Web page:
Four Tools to Make Your Summer Courses More Engaging

Students gathered around a table inspecting artwork while one student talks.

Summer session is just on the horizon, and Learning Innovation is here to help you prepare. As you begin to choose the right digital tools to organize your course and meet learning objectives, we have prepared this blog with four tools that create more interactive courses — whether your course is face-to-face, hybrid or online.

Hold conversations, answer inquiries with Ed Discussion

Do you want to include online discussions in your course? Would you like your students to have access to a tool that includes question and answer functionality? Duke’s limited pilot of Ed Discussion is a cleanly designed, versatile online discussion tool now integrated with Sakai. In addition to basic threaded discussions and Q&A functionality, Ed Discussion participants will be able to:

  • Embed and annotate images (the annotation feature also includes a blank canvas)
  • Write and run code, including HTML, CSS, Python and Javascript 
  • Post math equations using LaTex
  • Attach uploaded documents to posts
  • Embed and play videos 

Ed Discussion’s features and layout work to make navigating and participating easy. Ed Discussion categorizes posts and includes a search function, giving users the ability to more easily sort and find posts. Instructors can also pin posts, send out email notifications for announcements, endorse answers to questions and make private posts visible only to the instructor and teaching staff. Students also will be able to ask clarifying questions freely, as Ed Discussion allows for anonymous posting.

Read collaboratively with Hypothes.is

If your course includes regular readings, the social annotation tool Hypothes.is will enable you and your students to read a text collaboratively. Hypothes.is works as an embedded e-reader in Sakai Lessons (see how to set-it up in Duke Sakai) and allows readers to directly overlap annotations onto PDFs and websites. As a class, you can:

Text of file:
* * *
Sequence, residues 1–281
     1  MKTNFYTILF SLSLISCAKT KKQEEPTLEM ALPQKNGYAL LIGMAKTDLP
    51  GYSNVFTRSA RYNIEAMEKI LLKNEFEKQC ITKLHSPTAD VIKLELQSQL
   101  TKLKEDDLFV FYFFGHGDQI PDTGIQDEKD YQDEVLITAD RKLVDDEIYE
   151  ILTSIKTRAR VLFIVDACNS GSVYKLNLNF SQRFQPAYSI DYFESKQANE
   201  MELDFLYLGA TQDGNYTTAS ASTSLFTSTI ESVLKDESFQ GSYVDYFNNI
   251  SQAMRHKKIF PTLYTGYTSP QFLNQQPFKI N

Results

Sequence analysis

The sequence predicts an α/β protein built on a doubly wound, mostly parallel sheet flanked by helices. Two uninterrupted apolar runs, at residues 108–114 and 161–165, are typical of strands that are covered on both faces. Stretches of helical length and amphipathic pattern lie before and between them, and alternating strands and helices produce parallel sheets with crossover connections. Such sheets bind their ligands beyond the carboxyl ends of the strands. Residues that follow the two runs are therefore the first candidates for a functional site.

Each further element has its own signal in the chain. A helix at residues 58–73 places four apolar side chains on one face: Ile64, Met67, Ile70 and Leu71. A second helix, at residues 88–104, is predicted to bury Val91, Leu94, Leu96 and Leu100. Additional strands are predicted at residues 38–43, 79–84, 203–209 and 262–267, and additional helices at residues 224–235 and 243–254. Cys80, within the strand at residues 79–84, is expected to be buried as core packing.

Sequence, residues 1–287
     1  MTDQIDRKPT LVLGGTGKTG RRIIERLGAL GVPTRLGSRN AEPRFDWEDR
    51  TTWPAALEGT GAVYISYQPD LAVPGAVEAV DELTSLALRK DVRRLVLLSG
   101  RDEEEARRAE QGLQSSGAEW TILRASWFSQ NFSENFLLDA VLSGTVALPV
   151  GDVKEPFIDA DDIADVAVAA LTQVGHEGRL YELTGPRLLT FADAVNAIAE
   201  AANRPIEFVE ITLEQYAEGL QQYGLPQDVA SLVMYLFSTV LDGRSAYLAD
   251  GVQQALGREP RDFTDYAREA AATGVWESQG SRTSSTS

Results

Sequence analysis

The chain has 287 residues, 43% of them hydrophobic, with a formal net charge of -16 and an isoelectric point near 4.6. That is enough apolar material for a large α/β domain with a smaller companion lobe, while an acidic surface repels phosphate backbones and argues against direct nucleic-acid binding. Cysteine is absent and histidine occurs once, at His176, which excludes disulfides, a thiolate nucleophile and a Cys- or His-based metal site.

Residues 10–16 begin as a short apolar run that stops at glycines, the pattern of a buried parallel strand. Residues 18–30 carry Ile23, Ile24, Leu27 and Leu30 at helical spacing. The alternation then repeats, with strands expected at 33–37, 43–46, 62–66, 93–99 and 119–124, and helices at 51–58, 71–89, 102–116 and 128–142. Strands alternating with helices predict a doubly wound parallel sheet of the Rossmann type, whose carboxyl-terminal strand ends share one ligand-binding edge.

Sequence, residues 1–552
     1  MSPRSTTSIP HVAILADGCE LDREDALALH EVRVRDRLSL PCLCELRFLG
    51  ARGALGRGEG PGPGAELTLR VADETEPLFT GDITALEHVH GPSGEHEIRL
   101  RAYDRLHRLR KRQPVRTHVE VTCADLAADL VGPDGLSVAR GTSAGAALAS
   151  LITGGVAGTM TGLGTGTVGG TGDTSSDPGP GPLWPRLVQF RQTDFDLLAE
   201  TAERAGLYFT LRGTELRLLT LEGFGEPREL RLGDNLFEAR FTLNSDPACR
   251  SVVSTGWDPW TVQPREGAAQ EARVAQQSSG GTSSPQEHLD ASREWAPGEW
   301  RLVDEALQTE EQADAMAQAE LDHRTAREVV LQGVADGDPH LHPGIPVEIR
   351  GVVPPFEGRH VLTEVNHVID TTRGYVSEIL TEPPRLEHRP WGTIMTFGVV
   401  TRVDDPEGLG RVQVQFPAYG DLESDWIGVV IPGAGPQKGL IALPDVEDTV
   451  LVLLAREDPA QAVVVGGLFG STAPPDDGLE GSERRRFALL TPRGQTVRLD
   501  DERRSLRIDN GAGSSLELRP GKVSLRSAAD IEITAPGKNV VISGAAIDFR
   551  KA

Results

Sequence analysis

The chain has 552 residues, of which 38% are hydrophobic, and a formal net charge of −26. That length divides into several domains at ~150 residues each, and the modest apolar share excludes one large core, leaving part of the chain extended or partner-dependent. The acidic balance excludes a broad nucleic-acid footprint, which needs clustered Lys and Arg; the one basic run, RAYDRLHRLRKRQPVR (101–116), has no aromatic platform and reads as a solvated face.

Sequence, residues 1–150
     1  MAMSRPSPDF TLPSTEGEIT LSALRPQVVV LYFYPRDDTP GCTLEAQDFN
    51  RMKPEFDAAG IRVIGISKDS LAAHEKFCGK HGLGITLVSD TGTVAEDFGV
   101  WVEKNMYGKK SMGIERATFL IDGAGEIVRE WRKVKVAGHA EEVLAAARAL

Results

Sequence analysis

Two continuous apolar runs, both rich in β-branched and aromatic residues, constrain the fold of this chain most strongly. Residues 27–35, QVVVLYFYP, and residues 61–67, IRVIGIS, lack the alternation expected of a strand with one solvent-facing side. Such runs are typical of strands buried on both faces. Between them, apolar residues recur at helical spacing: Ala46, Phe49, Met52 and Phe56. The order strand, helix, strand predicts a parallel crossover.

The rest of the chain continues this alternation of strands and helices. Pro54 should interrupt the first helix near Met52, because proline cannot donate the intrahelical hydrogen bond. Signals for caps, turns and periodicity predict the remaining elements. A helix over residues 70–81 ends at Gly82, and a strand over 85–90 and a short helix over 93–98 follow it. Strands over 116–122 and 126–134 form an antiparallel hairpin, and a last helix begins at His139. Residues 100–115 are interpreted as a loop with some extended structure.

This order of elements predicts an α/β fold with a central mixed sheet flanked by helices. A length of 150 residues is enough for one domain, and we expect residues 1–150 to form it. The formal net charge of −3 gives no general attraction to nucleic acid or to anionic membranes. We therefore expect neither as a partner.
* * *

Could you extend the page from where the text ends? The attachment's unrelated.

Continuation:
• Take notes and post relevant supplemental material
  • Highlight areas of interest 
  • Pose and respond to questions
  • Hold conversations in the margins of the text
  • Embed images and video into individual annotations
Hypothesis allows students to collaboratively interact with documents
Hypothes.is allows students to collaboratively interact with documents

For examples of discipline-specific uses, you can visit the Hypothes.is website as well as the web-show Liquid Margins. At Duke, Amanda Starling Gould, Senior Program Coordinator for Educational Programs & Digital Humanities at the John Hope Franklin Humanities Institute, recently shared with Learning Innovation how she is using social annotation in her graduate-level humanities course. Professor Kearsley Stewart, Professor of the Practice at Duke with joint appointments in Global Health and Cultural Anthropology, will be speaking about her experience using Hypothes.is in her online Global Health Ethics graduate course at the Pandemic Pedagogy Research Symposium May 5 (the event is free).